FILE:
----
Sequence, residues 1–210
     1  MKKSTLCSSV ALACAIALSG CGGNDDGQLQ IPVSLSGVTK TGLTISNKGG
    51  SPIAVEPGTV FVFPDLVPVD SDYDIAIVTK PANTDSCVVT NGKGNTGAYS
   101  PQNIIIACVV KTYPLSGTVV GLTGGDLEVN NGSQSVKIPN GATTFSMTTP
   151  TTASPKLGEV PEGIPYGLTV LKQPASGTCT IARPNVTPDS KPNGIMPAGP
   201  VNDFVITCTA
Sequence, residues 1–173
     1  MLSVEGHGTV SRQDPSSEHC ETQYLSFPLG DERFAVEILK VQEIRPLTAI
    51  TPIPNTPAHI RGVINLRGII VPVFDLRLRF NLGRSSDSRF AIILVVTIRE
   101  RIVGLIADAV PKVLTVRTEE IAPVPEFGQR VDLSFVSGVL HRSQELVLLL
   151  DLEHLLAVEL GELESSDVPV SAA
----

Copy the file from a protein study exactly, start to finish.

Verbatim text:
Sequence, residues 1–210
     1  MKKSTLCSSV ALACAIALSG CGGNDDGQLQ IPVSLSGVTK TGLTISNKGG
    51  SPIAVEPGTV FVFPDLVPVD SDYDIAIVTK PANTDSCVVT NGKGNTGAYS
   101  PQNIIIACVV KTYPLSGTVV GLTGGDLEVN NGSQSVKIPN GATTFSMTTP
   151  TTASPKLGEV PEGIPYGLTV LKQPASGTCT IARPNVTPDS KPNGIMPAGP
   201  VNDFVITCTA
Sequence, residues 1–173
     1  MLSVEGHGTV SRQDPSSEHC ETQYLSFPLG DERFAVEILK VQEIRPLTAI
    51  TPIPNTPAHI RGVINLRGII VPVFDLRLRF NLGRSSDSRF AIILVVTIRE
   101  RIVGLIADAV PKVLTVRTEE IAPVPEFGQR VDLSFVSGVL HRSQELVLLL
   151  DLEHLLAVEL GELESSDVPV SAA